Elizabeth Bradley (CS) and Co-PIs Ken Anderson (CS), Thomas Marchitto (INSTAAR) and James White (INSTAAR) received $577,000 from NSF for "INSPIRE: Automating Reasoning in Interpreting Climate Records of the Past."
CEAS departments received three new Graduate Assistance in Areas of National Need (GAANN) awards: AES received a total award of $533,000 and ChBE received $400,000 in total funding from the Department of Education. Hanspeter Schaub (AES) and Al Weimer (ChBE) led the submissions for their departments. Bob McLeod (ECE) and Chris Bowman (ChBE) also received an interdisciplinary GAANN totaling $533,000.
Nikolaus Correll (CS) received a NASA early career award for space technology research on tele-operated autonomous greenhouses. The award will provide $600,000 over three years to investigate the key perception and manipulation challenges that will enable robots to grow food in space.
Bill Emery (AES) of CCAR was awarded more than $509,000 by the Department of Transportation for "Large-area Road-surface Quality and Land-cover Classification Using Very-high Spatial Resolution Aerial and Satellite Data."
Ryan Gill (ChBE), RASEI, and Chemistry received $5.2M over 5 years from the DOE as part of a larger $9.2 million project for work on "A Platform for Genome-scale Design, Redesign, and Optimization of Bacterial Systems." The National Renewable Energy Laboratory and the Lawrence Berkeley National Laboratory are collaborators on this project.
Christine Hrenya (ChBE) received $450,000 from the DOE to conduct innovative solar research aimed at lowering costs of cost-competitive solar energy.
SeHee Lee (ME) and Co-PIs Kurt Maute (AES), Conrad Stoldt (ME), and Jana Milford (ME) received $1.9 million in NSF funding for "Sustainable Energy Pathways: A Lab-to-Market Paradigm for the Optimal Design of Sustainable Energy Storage Materials."
YC Lee (ME) and Co-PIs Kurt Maute (AES) and Steven George (Chemistry & Biochemistry, ChBE) were awarded $1.2 million from NSF for "SNM: Roll-to-Roll Atomic/Molecular Layer Deposition."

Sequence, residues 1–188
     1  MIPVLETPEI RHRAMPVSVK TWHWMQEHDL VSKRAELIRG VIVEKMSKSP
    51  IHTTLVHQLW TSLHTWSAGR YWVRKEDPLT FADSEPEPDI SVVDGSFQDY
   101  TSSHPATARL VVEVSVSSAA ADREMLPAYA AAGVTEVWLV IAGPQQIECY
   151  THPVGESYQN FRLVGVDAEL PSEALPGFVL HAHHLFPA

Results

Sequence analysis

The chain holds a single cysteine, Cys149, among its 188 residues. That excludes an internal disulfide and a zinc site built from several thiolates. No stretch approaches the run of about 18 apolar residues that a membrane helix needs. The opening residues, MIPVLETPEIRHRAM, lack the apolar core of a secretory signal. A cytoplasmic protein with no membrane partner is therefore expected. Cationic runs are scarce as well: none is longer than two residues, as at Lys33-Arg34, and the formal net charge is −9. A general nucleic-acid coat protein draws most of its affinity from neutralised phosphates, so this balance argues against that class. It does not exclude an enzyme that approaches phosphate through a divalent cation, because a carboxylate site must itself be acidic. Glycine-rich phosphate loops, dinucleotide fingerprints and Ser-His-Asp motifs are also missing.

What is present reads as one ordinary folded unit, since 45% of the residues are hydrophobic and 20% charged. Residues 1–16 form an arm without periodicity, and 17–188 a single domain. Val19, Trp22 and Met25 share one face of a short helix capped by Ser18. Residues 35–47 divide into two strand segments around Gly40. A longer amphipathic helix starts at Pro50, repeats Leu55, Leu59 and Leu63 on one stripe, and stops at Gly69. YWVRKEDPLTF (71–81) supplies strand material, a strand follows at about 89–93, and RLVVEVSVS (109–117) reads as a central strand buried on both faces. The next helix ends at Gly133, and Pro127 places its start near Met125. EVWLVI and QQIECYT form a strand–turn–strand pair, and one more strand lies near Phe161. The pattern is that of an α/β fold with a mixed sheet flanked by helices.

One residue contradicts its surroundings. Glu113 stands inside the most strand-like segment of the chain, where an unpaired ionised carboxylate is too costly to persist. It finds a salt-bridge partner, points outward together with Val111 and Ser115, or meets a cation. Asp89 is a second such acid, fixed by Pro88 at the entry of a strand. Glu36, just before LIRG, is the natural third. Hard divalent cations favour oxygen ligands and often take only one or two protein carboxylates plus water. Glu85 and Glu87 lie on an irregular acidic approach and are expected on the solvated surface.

John McCartney (CEAE) and Co-PI Adam Reed (Law) received $1.01 million from NSF for work on "Sustainable Energy Pathways Collaborative: Pathways to Scalable, Efficient and Sustainable Soil Borehole Thermal Energy Storage Systems."
An interdisciplinary team of student and faculty engineers has won a grant from the Bill and Melinda Gates Foundation for its proposal to develop a solar-biochar toilet for use in developing countries throughout the world. Environmental engineering professors Karl Linden (CEAE) and R. Scott Summers (CEAE) will join with professor Al Weimer (ChBE) on the project. The grant is part of the Reinvent the Toilet Challenge, or RTTC, initiated by the Gates Foundation to address a sanitation challenge affecting nearly 40 percent of the world’s population. CU-Boulder, which was awarded one of four grants in the second round, will receive nearly $780,000 from the Gates Foundation over a 16-month period starting Sept. 1, 2012. CU joins last year’s grantees Caltech and Stanford as the only U.S. universities to receive an RTTC award.
The art of origami has inspired children and artists all over the world because of the amazing objects that can be created by folding a simple piece of paper. Now an engineering research team at CU-Boulder has won a $2 million grant from the National Science Foundation to develop a light-controlled approach for “self-assembly” mechanisms in advanced devices based on the same principles. Known as "photo origami," the idea is supported by NSF’s Emerging Frontiers in Research and Innovation (EFRI) program, which supports interdisciplinary teams working on rapidly advancing frontiers of fundamental engineering research. Jerry Qi (ME) will lead the team developing the photo origami technique. Collaborators will include CU faculty Robert McLeod (ECE), Kurt Maute (AES), and Elisabeth “Beth” Stade of Mathematics, and Patrick Mather of Syracuse University.
The National Science Foundation has awarded a $12 million grant to a University of Colorado Boulder-led team to explore ways to maximize the benefits of natural gas development while minimizing negative impacts on ecosystems and communities. Led by Professor Joseph Ryan (CEAE), the team will examine social, ecological and economic aspects of the development of natural gas resources and the protection of air and water resources. A part of NSF’s Sustainability Research Network initiative (SRN), the project will focus on the Rocky Mountain region, where natural gas development, as well as objection to it, is increasing.
Katie Siek (CS) was awarded nearly $600,000 by NSF for work on "SHB: Type I (EXP): Health Sense: Motivating Health Awareness in Children through Wearable Computing" with Co-PI Michael Eisenberg (CS).
Louis Stodieck (AES) of BioServe received more than $598,000 from the Center for the Advancement of Science in Space for "Development of the International Space Station Commercial Mouse Research Service."